Computer networking alum working to protect companies from cyberattacks

Halbach, recently interviewed on ABC ‘Nightline,’ explains importance of Red Teams as a line of defense
Abbey Goers | July 14, 2021

Cyberattacks are a near-constant threat to businesses, government agencies, personal data and infrastructure, the latter including fuel distribution networks, other supply chains and medical centers. According to Homeland Security Secretary Alejandro Mayorkas, cyberattacks are more and more common, increasing by 300% in 2020, while organizations paid more than $350 million to ransomware groups.

Colonial Pipeline in Georgia was the victim of one such ransomware attack in early June. The fuel pipeline company’s computer system was hacked by ransomware group DarkSide, which installed malicious software to block the company’s access to its own system until a ransom of $4.4 million was paid. The attack forced a temporary shutdown of fuel operations across 17 states and Washington, D.C., affecting people from New York to Texas.

So, how can organizations defend themselves against such persistent and sophisticated attacks? One means is to hire a team to test their systems, both the cybersecurity of their computer networks and the physical security of their buildings.

Brian Halbach, security consultant and CNIT alum.
Brian Halbach, security consultant and CNIT alum / Brian Halbach

Known in the industry as Red Teams, these hackers break into systems to expose weaknesses, helping organizations defend themselves before an actual attack occurs. Recently, University of Wisconsin-Stout computer networking and information technology graduate Brian Halbach spoke with ABC "Nightline News" about his methods and the importance of Red Teams as a line of defense.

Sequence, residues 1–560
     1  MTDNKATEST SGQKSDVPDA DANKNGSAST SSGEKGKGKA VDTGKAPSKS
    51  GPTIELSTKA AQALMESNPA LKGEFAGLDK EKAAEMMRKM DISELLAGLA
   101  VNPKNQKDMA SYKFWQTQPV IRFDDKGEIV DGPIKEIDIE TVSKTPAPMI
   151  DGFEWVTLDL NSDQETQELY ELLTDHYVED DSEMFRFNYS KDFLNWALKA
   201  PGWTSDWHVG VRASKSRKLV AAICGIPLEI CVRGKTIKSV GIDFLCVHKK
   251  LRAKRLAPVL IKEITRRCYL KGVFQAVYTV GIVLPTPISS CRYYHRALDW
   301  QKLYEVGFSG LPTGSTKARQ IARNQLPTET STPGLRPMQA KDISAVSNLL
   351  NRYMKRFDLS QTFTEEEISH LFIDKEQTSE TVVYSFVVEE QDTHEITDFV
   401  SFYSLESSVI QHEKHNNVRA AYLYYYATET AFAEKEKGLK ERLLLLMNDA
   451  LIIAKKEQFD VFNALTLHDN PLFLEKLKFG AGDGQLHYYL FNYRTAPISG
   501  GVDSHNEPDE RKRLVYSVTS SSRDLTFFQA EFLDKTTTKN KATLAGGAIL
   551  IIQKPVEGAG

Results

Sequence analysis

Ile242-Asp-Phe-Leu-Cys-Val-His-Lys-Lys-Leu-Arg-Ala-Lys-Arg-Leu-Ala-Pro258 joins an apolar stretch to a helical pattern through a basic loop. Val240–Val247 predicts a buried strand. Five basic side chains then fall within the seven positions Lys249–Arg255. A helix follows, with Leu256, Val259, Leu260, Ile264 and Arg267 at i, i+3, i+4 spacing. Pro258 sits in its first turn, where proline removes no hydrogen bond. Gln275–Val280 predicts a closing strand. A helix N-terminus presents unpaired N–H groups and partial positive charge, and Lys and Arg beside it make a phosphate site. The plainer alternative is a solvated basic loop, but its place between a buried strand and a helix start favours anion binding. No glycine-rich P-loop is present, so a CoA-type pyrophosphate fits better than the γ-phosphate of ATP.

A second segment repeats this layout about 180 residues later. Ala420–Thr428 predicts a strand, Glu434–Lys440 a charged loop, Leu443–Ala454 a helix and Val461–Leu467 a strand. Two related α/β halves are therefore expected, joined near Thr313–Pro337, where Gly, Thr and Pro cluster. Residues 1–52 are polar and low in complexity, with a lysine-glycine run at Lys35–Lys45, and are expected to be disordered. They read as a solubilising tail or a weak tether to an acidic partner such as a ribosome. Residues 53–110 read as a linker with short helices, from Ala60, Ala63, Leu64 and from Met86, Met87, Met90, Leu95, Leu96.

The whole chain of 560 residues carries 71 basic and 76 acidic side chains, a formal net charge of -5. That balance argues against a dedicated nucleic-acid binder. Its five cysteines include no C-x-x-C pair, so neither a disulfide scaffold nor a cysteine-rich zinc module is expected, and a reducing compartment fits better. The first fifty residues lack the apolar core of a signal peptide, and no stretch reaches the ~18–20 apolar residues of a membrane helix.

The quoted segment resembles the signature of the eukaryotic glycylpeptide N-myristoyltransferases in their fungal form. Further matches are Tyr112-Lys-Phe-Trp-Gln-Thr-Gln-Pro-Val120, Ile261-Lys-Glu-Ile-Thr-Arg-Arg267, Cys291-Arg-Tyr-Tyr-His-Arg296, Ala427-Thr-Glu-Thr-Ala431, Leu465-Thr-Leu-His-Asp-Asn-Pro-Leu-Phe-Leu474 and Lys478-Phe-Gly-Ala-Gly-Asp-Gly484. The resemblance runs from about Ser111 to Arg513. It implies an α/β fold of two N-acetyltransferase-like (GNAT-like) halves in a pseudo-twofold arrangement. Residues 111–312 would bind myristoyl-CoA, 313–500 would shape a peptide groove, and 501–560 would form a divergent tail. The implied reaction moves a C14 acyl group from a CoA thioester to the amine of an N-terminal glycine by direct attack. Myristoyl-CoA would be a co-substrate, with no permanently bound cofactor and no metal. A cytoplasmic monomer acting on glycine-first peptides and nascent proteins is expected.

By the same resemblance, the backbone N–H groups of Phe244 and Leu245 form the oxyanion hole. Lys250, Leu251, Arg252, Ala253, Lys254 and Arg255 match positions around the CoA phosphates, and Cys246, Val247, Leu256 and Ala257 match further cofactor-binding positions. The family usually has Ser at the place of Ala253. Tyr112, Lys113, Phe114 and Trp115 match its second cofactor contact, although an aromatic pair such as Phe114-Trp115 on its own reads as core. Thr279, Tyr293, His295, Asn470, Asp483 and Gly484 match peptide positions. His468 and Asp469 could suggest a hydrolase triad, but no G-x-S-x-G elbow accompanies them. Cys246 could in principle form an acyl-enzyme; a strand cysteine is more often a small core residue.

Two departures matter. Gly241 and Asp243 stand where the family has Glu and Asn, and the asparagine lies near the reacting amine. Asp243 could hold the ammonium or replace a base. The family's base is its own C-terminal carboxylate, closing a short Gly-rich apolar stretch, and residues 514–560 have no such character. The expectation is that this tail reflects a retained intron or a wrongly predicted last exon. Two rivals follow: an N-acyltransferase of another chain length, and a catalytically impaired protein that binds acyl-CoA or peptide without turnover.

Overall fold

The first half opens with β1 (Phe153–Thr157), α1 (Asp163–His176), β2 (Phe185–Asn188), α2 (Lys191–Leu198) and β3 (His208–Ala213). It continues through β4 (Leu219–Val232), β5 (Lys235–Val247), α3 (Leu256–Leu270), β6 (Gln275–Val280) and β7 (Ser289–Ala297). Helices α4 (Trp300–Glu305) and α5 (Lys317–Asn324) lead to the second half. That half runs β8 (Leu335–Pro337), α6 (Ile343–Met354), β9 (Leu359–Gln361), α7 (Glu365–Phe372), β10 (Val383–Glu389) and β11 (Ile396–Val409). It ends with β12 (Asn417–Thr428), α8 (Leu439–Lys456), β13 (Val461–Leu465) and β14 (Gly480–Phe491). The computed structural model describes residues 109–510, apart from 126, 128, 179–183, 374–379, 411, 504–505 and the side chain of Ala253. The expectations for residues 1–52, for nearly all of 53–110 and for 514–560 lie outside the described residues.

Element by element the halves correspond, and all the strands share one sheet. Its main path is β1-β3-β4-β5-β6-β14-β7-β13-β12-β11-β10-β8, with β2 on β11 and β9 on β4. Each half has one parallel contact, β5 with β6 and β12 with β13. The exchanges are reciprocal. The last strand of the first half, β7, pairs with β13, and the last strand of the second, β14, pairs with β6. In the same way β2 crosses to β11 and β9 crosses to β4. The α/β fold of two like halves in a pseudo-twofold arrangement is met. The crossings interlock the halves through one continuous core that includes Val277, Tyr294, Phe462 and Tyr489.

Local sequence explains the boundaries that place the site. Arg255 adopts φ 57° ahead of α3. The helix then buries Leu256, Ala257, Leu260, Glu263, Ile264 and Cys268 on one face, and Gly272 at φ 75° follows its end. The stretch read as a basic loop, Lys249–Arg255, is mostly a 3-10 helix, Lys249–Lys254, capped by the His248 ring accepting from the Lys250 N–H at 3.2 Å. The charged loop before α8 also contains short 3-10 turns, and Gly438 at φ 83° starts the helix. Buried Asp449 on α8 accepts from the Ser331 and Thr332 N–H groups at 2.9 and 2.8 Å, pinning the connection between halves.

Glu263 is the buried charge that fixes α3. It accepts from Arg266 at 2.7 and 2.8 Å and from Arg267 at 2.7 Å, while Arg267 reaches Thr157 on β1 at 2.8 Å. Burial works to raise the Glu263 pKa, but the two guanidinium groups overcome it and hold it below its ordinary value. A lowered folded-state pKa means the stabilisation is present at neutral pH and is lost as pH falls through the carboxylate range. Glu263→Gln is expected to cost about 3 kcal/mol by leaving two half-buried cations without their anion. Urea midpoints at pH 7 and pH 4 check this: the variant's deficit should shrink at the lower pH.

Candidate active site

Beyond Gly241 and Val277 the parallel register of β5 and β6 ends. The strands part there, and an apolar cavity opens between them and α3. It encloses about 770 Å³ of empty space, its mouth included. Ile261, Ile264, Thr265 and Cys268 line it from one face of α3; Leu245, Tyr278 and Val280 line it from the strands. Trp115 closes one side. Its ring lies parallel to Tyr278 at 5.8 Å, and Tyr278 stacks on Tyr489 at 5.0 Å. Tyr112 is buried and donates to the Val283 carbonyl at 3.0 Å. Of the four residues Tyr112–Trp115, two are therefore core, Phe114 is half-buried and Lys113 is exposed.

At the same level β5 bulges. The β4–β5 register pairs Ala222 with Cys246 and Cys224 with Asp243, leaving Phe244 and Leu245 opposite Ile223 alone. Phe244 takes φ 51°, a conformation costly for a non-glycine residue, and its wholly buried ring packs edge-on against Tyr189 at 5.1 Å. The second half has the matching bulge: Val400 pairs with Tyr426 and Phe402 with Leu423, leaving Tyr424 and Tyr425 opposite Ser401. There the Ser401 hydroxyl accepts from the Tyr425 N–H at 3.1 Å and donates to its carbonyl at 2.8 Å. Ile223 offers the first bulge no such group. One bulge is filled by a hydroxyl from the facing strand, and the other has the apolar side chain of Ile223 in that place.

Being interviewed by Nightline was an exciting time,” Halbach said. “Normally, our team’s work is covered under NDAs (nondisclosure agreements), so we are not able to talk about it. There are times when we are doing really cool, unique things. Being able to actually show and explain what we do on television was a great opportunity.”

Professional hacker for hire

Halbach, a security consultant with RedTeam Security in St. Paul, became interested in CNIT as an undecided student his first year in college, working for Student Services’ Technical Help Desk.

Halbach was unsure of what he wanted to study. “But the other students I worked with were in CNIT,” he said. “I saw the stuff they got to do and thought it was really exciting. I really liked everything that related to computer networking.”

As a security consultant, Halbach does a wide variety of tasks, depending on a client’s wants and needs. His team at RedTeam Security has helped several hundred clients by attacking web applications, calling people on the phone trying to elicit information from them, or cracking into a company’s network, working through the systems to get all the access they can.

"In the industry we call each other hackers in the traditional sense, meaning one who is curious about things and takes time to understand something and hack away at it,” Halbach said. “We don’t use the term hacker to mean cybercriminal when we refer to each other as hackers.


CNIT Program Director Holly Yuan and students.
CNIT Program Director Holly Yuan / UW-Stout

“The real goal is not just getting in,” he added. “The real goal is being able to present something to the client that they can understand and will help make them more secure. My team and I are almost always successful in accomplishing our goal.”